23 Ağustos 2009 Pazar

Isotopic evidence for the diets of European Neanderthals and early modern humans

PNAS, http://www.pnas.org%02cgi%02doi%0210.1073%02pnas.0903821106

Michael P. Richards and Erik Trinkaus

We report here on the direct isotopic evidence for Neanderthal and

early modern human diets in Europe. Isotopic methods indicate the

sources of dietary protein over many years of life, and show that

Neanderthals had a similar diet through time ( 120,000 to 37,000

cal BP) and in different regions of Europe. The isotopic evidence

indicates that in all cases Neanderthals were top-level carnivores

and obtained all, or most, of their dietary protein from large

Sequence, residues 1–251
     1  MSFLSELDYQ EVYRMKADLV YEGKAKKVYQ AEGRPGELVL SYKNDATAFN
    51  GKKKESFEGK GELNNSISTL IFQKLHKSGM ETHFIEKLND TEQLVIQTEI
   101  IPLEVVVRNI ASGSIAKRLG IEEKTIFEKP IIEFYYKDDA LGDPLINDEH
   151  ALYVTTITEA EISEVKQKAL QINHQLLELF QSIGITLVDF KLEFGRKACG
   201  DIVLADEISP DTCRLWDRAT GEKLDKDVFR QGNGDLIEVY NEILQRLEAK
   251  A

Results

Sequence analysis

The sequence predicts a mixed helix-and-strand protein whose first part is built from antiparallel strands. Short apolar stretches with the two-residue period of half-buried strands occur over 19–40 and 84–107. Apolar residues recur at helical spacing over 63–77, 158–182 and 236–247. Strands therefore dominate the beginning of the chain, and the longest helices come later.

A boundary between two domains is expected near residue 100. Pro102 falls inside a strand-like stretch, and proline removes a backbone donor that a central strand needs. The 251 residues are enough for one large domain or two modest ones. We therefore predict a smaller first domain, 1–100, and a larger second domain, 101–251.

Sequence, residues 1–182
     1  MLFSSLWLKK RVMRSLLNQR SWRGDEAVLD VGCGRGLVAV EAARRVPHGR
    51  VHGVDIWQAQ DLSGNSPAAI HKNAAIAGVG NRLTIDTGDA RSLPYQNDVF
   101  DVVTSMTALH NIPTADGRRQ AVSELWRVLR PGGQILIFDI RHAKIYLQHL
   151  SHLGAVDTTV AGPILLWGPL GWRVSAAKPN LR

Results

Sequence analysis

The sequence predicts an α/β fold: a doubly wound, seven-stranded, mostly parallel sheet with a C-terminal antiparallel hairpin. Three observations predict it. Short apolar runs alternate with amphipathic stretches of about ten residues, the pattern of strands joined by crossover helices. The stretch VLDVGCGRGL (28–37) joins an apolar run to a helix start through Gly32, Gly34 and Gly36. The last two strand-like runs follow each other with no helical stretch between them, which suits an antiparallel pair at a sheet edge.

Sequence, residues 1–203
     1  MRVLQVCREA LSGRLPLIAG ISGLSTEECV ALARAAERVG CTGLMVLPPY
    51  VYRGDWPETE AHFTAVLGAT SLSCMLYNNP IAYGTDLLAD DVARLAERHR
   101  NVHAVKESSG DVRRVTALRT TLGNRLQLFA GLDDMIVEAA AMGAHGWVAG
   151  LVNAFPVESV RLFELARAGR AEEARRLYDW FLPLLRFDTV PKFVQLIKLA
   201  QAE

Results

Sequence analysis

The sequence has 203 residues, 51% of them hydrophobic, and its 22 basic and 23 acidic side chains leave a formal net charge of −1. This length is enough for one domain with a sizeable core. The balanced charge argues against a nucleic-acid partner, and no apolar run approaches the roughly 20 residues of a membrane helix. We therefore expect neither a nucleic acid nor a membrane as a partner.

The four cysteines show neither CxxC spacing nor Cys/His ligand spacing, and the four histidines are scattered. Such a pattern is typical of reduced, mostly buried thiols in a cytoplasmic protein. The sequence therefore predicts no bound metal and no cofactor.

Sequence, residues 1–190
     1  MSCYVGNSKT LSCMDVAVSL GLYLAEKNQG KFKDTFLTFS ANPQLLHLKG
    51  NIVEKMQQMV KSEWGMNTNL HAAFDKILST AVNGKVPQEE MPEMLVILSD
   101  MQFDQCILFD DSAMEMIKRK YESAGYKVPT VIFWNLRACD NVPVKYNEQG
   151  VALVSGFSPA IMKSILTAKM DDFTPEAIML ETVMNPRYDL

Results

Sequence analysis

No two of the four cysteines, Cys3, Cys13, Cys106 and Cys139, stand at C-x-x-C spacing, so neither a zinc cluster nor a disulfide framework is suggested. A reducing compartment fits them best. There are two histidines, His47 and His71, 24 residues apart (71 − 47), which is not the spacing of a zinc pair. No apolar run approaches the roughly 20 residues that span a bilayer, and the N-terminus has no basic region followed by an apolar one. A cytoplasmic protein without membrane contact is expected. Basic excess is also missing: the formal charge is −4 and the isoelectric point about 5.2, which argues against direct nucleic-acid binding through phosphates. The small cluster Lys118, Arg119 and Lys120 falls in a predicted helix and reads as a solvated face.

herbivores. In contrast, early modern humans ( 40,000 to  27,000

cal BP) exhibited a wider range of isotopic values, and a number of

individuals had evidence for the consumption of aquatic (marine

and freshwater) resources. This pattern includes Oase 1, the oldest

directly dated modern human in Europe ( 40,000 cal BP) with the

highest nitrogen isotope value of all of the humans studied, likely

because of freshwater fish consumption. As Oase 1 was close in

time to the last Neanderthals, these data may indicate a significant

dietary shift associated with the changing population dynamics of

modern human emergence in Europe.

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